As of February 2022, nine states – Washington, California, Colorado, Texas, Arkansas, Illinois, Virginia, Maryland, and New York – and the city of Portland, Oregon have enacted laws governing how private entities use and store biometric information, and 22 states are contemplating similar laws.  These laws govern a range of activities related to the collection, storage, use, and selling of biometric information. Many require disclosure and consent for the collection of this data.   Illinois’ Biometric Information Privacy Act (“BIPA”), in particular, has been at the forefront of biometric privacy laws.  BIPA was enacted in 2008 in response to the Illinois General Assembly’s finding that the use of biometric information was increasing, particularly in financial transactions, but with little appreciation by the legislature for all that it signified for the future.  The Illinois BIPA differs from all other states’ laws in that it provides recourse for private individuals to file lawsuits on their own behalf for alleged violations rather than limiting enforcement authority to the state attorney general.  This difference has had significant practical consequences and is precisely why Illinois’ law continues to make headlines.  It should be noted, however, that of the 22 states contemplating new biometric privacy legislation, three have sought to follow Illinois’ lead.  Maryland’s Biometric Identifiers Privacy Act bill (H.B. 259), West Virginia’s BIPA (H.B. 2064), and Florida’s H.B. 9 include a provision for a private right of action.  And in August 2020, Oregon Senator Jeff Merkley introduced S.4400, the National Biometric Information Privacy Act, which is very similar to BIPA and similarly includes a private right of action.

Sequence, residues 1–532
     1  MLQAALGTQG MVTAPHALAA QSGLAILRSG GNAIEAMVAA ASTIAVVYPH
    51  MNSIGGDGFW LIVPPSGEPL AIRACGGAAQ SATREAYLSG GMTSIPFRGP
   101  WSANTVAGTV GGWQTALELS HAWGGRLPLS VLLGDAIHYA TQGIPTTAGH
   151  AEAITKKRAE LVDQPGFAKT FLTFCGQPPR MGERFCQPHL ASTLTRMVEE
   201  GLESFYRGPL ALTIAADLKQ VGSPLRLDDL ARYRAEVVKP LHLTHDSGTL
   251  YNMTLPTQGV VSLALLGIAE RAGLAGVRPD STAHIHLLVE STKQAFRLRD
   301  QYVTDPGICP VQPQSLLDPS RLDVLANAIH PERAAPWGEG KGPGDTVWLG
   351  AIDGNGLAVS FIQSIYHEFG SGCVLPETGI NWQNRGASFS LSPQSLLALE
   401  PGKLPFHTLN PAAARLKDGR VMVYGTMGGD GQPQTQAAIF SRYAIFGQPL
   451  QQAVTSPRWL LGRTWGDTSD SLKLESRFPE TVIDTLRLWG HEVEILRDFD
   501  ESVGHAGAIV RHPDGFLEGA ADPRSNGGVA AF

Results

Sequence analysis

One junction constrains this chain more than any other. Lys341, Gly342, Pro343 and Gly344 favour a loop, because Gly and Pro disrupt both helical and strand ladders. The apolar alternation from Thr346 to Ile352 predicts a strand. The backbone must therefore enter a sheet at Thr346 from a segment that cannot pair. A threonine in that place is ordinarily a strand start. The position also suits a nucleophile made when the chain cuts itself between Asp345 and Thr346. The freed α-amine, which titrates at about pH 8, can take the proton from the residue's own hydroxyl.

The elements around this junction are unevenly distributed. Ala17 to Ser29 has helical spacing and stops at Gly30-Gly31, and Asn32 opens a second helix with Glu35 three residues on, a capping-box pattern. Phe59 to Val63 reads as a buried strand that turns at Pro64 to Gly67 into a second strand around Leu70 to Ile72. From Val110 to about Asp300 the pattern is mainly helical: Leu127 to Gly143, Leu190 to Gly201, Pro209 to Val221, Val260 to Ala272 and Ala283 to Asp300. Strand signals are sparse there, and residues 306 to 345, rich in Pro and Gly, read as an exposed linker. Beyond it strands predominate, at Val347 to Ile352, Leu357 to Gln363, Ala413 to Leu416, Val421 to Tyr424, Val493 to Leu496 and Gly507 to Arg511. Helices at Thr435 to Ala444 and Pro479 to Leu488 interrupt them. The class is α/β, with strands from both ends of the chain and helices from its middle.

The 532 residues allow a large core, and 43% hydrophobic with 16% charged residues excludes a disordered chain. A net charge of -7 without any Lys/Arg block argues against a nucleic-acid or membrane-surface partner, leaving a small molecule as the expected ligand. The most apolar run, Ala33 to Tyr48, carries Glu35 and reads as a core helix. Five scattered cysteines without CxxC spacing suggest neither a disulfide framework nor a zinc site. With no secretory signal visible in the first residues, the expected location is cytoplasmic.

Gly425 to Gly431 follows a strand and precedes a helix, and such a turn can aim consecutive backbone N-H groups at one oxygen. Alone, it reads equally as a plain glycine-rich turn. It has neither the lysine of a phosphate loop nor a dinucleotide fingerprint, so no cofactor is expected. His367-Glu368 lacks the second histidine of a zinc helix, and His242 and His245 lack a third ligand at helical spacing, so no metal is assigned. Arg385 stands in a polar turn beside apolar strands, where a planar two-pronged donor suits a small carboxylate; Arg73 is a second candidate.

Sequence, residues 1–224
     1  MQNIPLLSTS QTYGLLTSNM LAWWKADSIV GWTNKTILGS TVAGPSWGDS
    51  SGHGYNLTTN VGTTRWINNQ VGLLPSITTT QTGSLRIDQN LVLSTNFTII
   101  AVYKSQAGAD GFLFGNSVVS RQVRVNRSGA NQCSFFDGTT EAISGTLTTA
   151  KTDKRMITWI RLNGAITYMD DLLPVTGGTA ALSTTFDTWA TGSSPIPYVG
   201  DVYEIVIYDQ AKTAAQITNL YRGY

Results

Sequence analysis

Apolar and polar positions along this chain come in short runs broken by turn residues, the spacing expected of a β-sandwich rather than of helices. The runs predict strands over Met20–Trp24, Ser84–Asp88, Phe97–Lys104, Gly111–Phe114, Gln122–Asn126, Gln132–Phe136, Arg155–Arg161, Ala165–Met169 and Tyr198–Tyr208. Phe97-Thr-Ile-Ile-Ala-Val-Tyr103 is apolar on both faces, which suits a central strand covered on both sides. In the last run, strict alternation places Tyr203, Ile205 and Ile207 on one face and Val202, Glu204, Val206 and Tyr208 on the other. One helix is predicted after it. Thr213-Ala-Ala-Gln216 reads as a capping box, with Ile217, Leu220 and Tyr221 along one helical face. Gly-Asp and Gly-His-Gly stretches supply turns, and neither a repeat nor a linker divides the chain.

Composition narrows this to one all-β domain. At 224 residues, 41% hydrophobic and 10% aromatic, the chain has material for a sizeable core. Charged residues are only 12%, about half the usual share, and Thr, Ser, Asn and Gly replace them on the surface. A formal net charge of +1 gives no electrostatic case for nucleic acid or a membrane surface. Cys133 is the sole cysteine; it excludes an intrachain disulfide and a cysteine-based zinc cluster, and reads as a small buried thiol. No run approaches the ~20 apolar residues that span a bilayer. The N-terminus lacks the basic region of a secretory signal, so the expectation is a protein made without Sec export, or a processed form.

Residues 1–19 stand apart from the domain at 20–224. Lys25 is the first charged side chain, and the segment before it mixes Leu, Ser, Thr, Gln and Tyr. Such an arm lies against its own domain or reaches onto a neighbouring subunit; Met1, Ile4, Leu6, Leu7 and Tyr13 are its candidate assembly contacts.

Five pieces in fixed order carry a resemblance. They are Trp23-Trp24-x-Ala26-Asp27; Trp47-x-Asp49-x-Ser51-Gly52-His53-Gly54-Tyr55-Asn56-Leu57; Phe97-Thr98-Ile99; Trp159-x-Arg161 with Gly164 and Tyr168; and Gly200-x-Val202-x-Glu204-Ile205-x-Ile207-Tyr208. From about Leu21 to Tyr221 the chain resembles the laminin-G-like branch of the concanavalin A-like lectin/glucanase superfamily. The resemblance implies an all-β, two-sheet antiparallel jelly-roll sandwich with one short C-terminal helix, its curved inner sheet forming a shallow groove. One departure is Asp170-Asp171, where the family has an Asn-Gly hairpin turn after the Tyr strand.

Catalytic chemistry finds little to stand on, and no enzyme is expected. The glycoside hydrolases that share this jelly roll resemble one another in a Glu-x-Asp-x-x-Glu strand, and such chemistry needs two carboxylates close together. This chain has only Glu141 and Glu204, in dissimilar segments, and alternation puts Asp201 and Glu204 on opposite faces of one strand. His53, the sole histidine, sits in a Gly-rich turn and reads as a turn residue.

Fade In: What is BIPA?

Illinois’ BIPA sets standards for how organizations are required to manage biometric data of Illinois consumers.  The statute notes that, unlike other personal identifiers that can be changed when compromised, biometric identifiers are biologically unique to the individual.  Once compromised, there is little recourse; thus, an individual is said to endure a much higher consequence if they suffer identity theft related to their biometric identifiers.

While BIPA has been in effect for over a decade, it has newly risen to prominence as a result of several recent court decisions that have made it easier to maintain BIPA suits.  For example, in Rosenbach v. Six Flags Entertainment Corp (2019), the Illinois Supreme Court held that the plaintiff did not have to allege an actual injury to be considered an “aggrieved person” to have standing under the statute and “be entitled to liquidated damages and injunctive relief.”  The U.S. Court of Appeals for the Seventh Circuit provided more clarity in Bryant v. Compass Group USA, Inc., holding a person merely alleging violation of BIPA has suffered an injury-in-fact sufficient to support standing under BIPA Section 15(b).  This reversed the district court’s ruling that Compass’s alleged violations were bare procedural violations that caused no concrete harm to Bryant.  The Court, in its opinion, stated, “Compass did not make the requisite disclosures to Bryant or obtain her informed written consent before collecting her fingerprints,” and that failure “inflicted the concrete injury BIPA intended to protect against, i.e., a consumer’s loss of the power and ability to make informed decisions about […] her biometric information.”